The development of denominations as we know them today is fairly a more modern phenomenon. As reforming the Constantinian legacy, the idea of separation of church and state slowly took hold in the American colonies from 1630 to 1790, where and when the believers migrated from Europe to escape persecution by the institutionalized state churches there after the Reformation. Most colonies lifted restrictions on religious groups and stopped using local taxes to support one designated church as some kind of state church dominating other churches, consequently, allowing various denominations—Baptist, Roman Catholic, Quaker, Presbyterian—to co-exist peacefully within the same area without competing for local dominance. Eventually, the nineteenth century saw the rise of extreme denominationalism at the American frontier. Much cooperation among evangelical denominations so common in the early part of the nineteenth century terminated due to movements such as Landmarkism, which rabidly denied the existence and concept of a universal church, saying that the only biblical usage of the word “church” as refering to a local body. The Landmarkist overemphasized localism or territorialism as opposed to universalism or globalism. C. I. Scofield proclaimed another innovation concerning ecclesiology around the turn of that century by and other dispensationalists, who taught that church was simply a parenthesis in history, interrupting God’s dealings with His primary concern—the Chosen nation of Israel. The twentieth century saw the birth of many parachurch movements that work alongside the church.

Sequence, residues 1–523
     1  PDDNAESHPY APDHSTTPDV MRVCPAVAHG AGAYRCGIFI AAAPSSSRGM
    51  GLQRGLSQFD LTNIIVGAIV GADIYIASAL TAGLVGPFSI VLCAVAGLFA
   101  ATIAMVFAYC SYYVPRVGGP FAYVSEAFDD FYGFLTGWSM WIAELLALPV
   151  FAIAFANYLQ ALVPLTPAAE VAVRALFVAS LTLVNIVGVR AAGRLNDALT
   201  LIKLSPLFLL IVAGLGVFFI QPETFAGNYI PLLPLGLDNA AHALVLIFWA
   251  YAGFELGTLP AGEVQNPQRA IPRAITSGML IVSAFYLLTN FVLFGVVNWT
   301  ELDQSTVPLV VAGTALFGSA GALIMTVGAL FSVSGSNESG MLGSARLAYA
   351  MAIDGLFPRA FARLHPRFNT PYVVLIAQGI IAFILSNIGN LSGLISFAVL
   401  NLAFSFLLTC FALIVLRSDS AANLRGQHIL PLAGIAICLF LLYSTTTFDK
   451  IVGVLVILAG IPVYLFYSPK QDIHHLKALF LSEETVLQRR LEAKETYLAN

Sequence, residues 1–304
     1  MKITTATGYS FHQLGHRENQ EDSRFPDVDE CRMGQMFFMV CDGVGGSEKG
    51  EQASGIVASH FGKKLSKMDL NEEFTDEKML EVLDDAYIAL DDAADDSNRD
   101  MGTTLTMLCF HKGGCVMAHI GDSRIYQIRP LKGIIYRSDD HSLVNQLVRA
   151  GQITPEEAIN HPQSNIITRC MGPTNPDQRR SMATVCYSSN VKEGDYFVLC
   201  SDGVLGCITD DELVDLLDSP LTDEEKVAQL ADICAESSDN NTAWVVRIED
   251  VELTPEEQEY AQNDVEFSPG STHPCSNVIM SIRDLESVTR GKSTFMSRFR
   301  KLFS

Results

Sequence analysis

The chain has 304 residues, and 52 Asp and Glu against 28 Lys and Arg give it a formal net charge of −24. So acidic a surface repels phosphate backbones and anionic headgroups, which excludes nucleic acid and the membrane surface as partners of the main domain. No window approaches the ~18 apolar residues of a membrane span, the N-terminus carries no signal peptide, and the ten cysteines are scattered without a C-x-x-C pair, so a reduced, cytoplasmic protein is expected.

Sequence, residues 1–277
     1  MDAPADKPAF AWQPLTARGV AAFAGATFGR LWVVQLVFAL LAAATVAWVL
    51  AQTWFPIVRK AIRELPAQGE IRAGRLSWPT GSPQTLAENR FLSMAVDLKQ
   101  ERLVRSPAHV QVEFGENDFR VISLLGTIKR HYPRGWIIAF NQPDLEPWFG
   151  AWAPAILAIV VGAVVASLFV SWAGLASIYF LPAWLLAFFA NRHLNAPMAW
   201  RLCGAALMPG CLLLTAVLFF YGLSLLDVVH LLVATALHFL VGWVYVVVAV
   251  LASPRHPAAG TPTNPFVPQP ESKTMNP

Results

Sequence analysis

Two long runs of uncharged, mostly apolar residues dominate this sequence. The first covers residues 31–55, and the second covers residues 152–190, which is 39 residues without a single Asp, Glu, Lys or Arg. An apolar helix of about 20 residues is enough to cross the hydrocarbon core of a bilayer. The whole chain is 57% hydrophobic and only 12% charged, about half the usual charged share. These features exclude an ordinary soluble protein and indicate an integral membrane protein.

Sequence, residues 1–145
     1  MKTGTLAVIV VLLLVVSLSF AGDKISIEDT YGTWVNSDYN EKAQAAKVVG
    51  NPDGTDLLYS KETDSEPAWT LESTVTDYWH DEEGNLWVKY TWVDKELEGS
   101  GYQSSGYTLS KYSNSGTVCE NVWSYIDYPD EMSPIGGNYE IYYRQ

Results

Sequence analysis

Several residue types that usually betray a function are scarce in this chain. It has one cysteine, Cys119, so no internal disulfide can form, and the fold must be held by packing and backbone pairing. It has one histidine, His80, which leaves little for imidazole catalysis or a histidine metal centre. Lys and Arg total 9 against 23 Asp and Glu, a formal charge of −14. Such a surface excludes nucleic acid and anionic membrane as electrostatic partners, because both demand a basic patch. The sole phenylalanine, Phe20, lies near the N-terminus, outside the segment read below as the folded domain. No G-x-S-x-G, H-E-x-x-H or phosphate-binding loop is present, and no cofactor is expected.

If we really closely study the New Testament, the church is simply defined as the body of those people who have been called out of the fallen world by God’s grace, and who have been called together to glorify Him by serving Him in His world. Despite all of the church’s egregious errors locally and globally, through its historical life, the New Testament prophesied that, ultimately, the church is to be a radiant church, “without stain or wrinkle or any other blemish, but holy and blameless” (Eph 5:27).


Actually, the root cause or influence of the devolution of the overseeing function to overlording obsession of the bishops in the devolved church was already identified by the book of Revelations regarding the Nicolaitans, whose bad deeds that started in Ephesus devolved further in accepted and adopted doctrines in Pergamos, if we follow the historical developments of the church in context with the book of Revelations.

Nicolaitanism represented a movement present in the churches at Ephesus and at Pergamos to subjugate the people of God to one or more powerful leaders. Derived from nikao (Gk.), “to conquer,” and laos (Gk.), “people,” Nicolaitan means “people conquerors.” Very plausibly, Nicolaitanism marked the start of a form of priesthood in the church that later fully developed in the Roman Catholic system. Probably, this was a group that suppressed the laity in favor of the developing clergy. However, this definition is determined more by modern concepts of clergy and laity than by any first-century information, for such terminology was unknown this early. Etymology can be notoriously dangerous to discover the real meaning of a term.